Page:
Highland Hospital did not have any specialist that specialized in this kind of operation, and so they had to transfer me to another hospital that specialized in it. The doctors rushed to find the nearest hospital that offered this sort of operation because the air bubble was more severe than the damaged artery. They said that the air bubble was more severe because they did not know how much time they have; it can pop at any moment.

The nearest hospital they found was “San Francisco General Hospital (SFGH).” On that day I was lucky that they were able to book a spot for me, and so I was able to be transferred to that hospital around 3 a.m. that night. It’s been nearly two and a half weeks since I have eaten and after I arrived at SFGH, I felt very weak and hungry. They immediately send me out to do another scan as soon as I arrived at SFGH and they saw that the air bubble was even bigger than before.

They checked the schedule to see if the doctors had any available slots. If they did, then I could be set up for surgery; the doctors wanted me to have the operation as soon as possible. Luckily, the doctor was able to find a free slot. He decided to schedule my operation on the following day during the afternoon.

The next day the doctor briefly explained to me the surgical procedures. He said that there were two methods, one of them was permanent and the other one was temporary. The permanent procedure was to inflate a balloon to close that artery in order to block that air bubble from popping. But if half of my body becomes paralyzed when the balloon was being inflated, it would mean that this surgical process does not work and they would have to use the temporary approach.

The temporary surgical technique is to stem the air bubble to prevent it from popping, but after four to five years I will still have a stroke. I had to be awake during the operation. As they slowly inflated the balloon the doctor told me to move my fingers and wiggle my toes to make sure that the other half of my body was not paralyzed. The risk involved in this operation was if the doctor accidentally touched the air bubble or if the air bubble popped during the surgery, I would have a stroke. Luckily the permanent method worked and I was okay.

After that operation the doctors began searching for my earlier medical records to try and figure out why I was not able to consume food or liquids. They then sent me to the Eyes, Nose, and Throat doctor (ENT) to see if they could find out what was the cause for this problem. During my appointment with my (ENT) doctor, they discovered that my vocal cords were not moving. They said I had paralysis of the vocal cord.

They were not sure how it got damaged, but they speculated that the damage occurred when the emergency tracheotomy was performed. The doctors were not sure if this injury was temporary or permanent, but they wanted me to eat so I could get my nutrition. They scheduled me for surgery to insert a feeding tube in my stomach.

The doctors told me that this was a simple operation and most patients who have had this operation are able to resume their regular lives the next day. Although the operation sounds simple I did not know why I had a bad feeling about it. I decided to do the operation, because the doctors said if I had a feeding tube I can be discharged from the hospital.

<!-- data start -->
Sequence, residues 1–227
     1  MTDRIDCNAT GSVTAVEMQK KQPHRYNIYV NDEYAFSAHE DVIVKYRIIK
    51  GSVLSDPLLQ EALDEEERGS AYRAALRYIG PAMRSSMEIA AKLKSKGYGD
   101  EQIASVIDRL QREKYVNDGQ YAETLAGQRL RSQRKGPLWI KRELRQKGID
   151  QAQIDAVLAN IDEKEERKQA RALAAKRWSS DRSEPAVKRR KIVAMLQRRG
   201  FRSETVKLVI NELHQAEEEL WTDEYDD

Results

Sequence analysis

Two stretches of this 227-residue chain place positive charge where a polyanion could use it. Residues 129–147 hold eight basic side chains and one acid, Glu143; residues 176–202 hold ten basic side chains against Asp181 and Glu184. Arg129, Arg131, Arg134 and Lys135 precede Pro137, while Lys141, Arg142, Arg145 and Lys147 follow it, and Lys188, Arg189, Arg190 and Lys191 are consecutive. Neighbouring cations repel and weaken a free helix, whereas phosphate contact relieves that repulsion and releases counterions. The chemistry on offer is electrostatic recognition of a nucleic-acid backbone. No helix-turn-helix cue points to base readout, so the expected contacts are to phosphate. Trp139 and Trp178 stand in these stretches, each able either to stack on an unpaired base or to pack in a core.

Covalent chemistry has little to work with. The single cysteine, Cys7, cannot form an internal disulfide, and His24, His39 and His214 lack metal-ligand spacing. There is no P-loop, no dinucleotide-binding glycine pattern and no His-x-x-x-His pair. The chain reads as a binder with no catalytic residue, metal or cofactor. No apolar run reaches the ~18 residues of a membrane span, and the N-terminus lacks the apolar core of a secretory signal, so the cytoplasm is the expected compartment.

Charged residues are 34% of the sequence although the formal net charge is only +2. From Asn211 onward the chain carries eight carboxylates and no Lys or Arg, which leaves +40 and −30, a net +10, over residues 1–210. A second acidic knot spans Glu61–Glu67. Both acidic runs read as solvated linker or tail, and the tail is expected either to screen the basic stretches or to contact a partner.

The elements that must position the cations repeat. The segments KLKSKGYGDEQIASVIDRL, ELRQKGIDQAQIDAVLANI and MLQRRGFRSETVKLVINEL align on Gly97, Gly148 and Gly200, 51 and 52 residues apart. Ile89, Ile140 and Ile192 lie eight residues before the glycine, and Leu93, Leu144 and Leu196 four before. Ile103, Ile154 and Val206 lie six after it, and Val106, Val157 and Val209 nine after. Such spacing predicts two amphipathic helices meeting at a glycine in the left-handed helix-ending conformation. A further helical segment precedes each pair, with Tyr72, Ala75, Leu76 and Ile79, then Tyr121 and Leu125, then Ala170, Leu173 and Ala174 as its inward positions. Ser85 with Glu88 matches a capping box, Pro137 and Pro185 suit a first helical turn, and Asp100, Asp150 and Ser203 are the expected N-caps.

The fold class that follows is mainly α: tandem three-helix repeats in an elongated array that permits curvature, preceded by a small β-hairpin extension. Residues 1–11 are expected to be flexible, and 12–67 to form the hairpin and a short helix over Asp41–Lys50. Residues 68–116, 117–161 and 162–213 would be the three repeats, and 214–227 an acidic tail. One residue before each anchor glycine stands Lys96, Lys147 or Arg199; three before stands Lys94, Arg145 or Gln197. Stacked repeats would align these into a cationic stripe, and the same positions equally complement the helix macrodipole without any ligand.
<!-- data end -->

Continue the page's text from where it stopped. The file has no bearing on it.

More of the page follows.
After my operation for inserting the feeding tube; I felt so much pain in my stomach. The doctors said it was normal because they had to poke a needle through my stomach, but since I was in a lot of pain, they began putting me on pain medications. I was in pain for about one week. During that week many social workers came to visit and wanted me to be discharged from the hospital.

Finally, the next morning when the doctors were doing their rounds, one of them checked my stomach and saw a lot of redness on the side. She said I had an infection and that I wasn’t going anywhere. That night they scheduled me for an operation to clean out the bacteria. After the operation my stomach did not hurt anymore, but I had to be on antibiotics. I was on antibiotics for about two weeks. After that I was finally discharged from the hospital.

I was hospitalized for about 2 months. For more than half a year I was not able to eat, drink or speak. During those 7 months of recuperation I stayed home most of the time. I only went out to visit the (ENT) clinic for check-ups. Luckily I did not have to go through more operations because my vocal cords were able to heal by its self.

The spiritual experience I had when I was at the hospital made me realize the correct path that I should take. For years I was confused and lost. I always thought that martial arts was the most important thing, but the moment I saw my scars in the mirror I knew that my body was impermanent.

This was also one of the reasons why I did not do plastic surgery even though my insurance covers it. Some of my family members scolded me saying that I was stupid for not choosing surgery because it was free. Most of them could not accept the fact that I’m going to leave the home life. They were hoping that I would opt for surgery and resume my normal life, but I could not ignore all the suffering I had undergone.

Experiencing suffering has altered my way of thinking. I used to think that everything was under my control, but I realized that I was wrong. I do not have control over anything. Being hospitalized was the most dreadful experience in my life. I underwent operations repeatedly. But having gone through that had also compelled me to cultivate. I realized that the most important thing in life is to cultivate and to end birth and death.

Amitabha!